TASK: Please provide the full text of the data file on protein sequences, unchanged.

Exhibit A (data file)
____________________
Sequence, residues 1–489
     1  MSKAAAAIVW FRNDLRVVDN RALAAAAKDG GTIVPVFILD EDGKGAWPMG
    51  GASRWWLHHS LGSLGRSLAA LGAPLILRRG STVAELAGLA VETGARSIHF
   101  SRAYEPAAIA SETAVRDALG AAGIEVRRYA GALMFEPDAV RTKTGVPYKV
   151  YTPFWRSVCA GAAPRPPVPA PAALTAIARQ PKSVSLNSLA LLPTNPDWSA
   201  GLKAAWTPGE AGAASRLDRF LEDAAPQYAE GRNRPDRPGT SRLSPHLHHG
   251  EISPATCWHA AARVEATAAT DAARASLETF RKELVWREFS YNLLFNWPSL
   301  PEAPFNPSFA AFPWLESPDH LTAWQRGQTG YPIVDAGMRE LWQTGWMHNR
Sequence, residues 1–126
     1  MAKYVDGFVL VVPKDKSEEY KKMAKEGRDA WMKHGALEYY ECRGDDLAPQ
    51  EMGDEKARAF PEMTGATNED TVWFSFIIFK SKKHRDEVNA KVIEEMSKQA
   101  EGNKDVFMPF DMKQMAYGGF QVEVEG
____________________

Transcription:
Sequence, residues 1–489
     1  MSKAAAAIVW FRNDLRVVDN RALAAAAKDG GTIVPVFILD EDGKGAWPMG
    51  GASRWWLHHS LGSLGRSLAA LGAPLILRRG STVAELAGLA VETGARSIHF
   101  SRAYEPAAIA SETAVRDALG AAGIEVRRYA GALMFEPDAV RTKTGVPYKV
   151  YTPFWRSVCA GAAPRPPVPA PAALTAIARQ PKSVSLNSLA LLPTNPDWSA
   201  GLKAAWTPGE AGAASRLDRF LEDAAPQYAE GRNRPDRPGT SRLSPHLHHG
   251  EISPATCWHA AARVEATAAT DAARASLETF RKELVWREFS YNLLFNWPSL
   301  PEAPFNPSFA AFPWLESPDH LTAWQRGQTG YPIVDAGMRE LWQTGWMHNR
Sequence, residues 1–126
     1  MAKYVDGFVL VVPKDKSEEY KKMAKEGRDA WMKHGALEYY ECRGDDLAPQ
    51  EMGDEKARAF PEMTGATNED TVWFSFIIFK SKKHRDEVNA KVIEEMSKQA
   101  EGNKDVFMPF DMKQMAYGGF QVEVEG